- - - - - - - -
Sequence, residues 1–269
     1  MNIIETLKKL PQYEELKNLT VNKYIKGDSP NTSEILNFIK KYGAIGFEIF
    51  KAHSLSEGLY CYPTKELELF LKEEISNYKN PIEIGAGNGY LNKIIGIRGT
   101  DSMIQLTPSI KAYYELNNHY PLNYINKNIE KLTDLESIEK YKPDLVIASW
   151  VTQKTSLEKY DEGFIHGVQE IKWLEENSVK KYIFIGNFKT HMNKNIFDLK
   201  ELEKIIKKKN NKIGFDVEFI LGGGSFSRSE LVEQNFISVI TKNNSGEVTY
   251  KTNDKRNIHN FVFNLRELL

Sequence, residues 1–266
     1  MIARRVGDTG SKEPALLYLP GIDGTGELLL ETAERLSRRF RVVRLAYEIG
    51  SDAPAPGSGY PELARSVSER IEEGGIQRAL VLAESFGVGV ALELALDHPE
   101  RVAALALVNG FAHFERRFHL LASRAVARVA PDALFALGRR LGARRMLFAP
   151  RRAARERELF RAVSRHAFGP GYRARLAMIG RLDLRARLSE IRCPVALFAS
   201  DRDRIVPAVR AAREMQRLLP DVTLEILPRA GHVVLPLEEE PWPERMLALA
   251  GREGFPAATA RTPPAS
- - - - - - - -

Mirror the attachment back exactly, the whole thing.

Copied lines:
Sequence, residues 1–269
     1  MNIIETLKKL PQYEELKNLT VNKYIKGDSP NTSEILNFIK KYGAIGFEIF
    51  KAHSLSEGLY CYPTKELELF LKEEISNYKN PIEIGAGNGY LNKIIGIRGT
   101  DSMIQLTPSI KAYYELNNHY PLNYINKNIE KLTDLESIEK YKPDLVIASW
   151  VTQKTSLEKY DEGFIHGVQE IKWLEENSVK KYIFIGNFKT HMNKNIFDLK
   201  ELEKIIKKKN NKIGFDVEFI LGGGSFSRSE LVEQNFISVI TKNNSGEVTY
   251  KTNDKRNIHN FVFNLRELL

Sequence, residues 1–266
     1  MIARRVGDTG SKEPALLYLP GIDGTGELLL ETAERLSRRF RVVRLAYEIG
    51  SDAPAPGSGY PELARSVSER IEEGGIQRAL VLAESFGVGV ALELALDHPE
   101  RVAALALVNG FAHFERRFHL LASRAVARVA PDALFALGRR LGARRMLFAP
   151  RRAARERELF RAVSRHAFGP GYRARLAMIG RLDLRARLSE IRCPVALFAS
   201  DRDRIVPAVR AAREMQRLLP DVTLEILPRA GHVVLPLEEE PWPERMLALA
   251  GREGFPAATA RTPPAS